High school may seem like a popularity contest, but there are perks to not coming in first place. According to a recent study by researchers at the University of Virginia, teens who strive to be categorized as the “cool” kids may experience a range of problems in early adulthood.
The study was conducted over the span of 10 years — from when the teens were 13 until age 23. Those who were classified as “cool” were 40 percent more likely to use drugs and alcohol at age 21-23 than their less popular peers, CNN reports. These same teens were 22 percent more likely to get into legal trouble as young adults.
Because they are always trying to impress their peers, the popular teens continue engaging in extreme behavior, which can lead to trouble. Joseph P. Allen, a professor at UVA and the lead researcher on the study, spoke to the Los Angeles Times about his findings, saying,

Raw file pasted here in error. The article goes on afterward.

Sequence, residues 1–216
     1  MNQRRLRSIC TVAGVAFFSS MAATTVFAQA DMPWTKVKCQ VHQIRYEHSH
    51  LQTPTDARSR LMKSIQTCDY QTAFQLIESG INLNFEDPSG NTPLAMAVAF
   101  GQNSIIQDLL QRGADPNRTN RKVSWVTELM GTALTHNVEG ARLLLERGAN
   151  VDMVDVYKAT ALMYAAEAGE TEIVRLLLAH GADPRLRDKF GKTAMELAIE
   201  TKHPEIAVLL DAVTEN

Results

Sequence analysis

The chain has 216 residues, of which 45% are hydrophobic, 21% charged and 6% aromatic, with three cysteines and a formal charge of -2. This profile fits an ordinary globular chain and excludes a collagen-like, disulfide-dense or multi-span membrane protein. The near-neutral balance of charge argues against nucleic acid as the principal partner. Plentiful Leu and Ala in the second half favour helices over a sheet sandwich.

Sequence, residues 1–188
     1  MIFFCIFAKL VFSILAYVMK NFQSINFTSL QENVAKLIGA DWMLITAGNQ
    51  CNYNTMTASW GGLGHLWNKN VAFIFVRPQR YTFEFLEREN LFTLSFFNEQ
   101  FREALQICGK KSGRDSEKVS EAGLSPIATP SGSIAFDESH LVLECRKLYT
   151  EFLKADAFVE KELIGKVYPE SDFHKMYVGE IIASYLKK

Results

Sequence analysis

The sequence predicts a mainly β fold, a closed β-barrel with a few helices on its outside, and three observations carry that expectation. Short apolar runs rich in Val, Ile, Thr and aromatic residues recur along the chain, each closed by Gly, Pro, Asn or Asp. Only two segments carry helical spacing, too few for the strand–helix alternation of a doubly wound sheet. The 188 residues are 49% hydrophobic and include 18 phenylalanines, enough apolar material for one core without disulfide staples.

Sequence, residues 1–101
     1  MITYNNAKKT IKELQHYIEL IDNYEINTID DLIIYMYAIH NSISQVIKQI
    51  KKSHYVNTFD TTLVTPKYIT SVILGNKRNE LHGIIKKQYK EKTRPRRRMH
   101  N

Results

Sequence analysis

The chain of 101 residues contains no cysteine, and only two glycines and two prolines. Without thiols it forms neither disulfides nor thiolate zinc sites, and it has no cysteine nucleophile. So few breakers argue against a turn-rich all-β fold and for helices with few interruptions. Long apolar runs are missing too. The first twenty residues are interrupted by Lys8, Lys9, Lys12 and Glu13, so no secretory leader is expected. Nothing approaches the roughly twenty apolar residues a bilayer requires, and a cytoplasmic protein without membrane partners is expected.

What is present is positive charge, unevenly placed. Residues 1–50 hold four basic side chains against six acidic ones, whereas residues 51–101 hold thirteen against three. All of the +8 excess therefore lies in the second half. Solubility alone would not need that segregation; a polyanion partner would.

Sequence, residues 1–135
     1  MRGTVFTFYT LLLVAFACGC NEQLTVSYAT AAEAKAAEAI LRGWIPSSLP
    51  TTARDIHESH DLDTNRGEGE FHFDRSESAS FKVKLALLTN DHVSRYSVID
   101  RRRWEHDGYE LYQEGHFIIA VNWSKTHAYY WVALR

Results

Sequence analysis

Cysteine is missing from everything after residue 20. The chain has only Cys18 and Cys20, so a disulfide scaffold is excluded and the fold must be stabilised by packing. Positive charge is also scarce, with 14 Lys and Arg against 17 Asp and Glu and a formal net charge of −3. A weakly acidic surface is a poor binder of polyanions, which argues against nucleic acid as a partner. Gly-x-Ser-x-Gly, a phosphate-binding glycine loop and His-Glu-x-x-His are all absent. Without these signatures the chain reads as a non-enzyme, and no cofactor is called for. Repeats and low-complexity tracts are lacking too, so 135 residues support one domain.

These kids are on the fast track, but it’s really to a dead end. They are gaining the appearance of maturity, but they are not gaining actual maturity.”
Instead of focusing on popularity, encourage your teens to pursue their own interests — regardless of what other kids are doing.
Does this study surprise you? How have you seen popularity impact your teens? Tell us in the comments!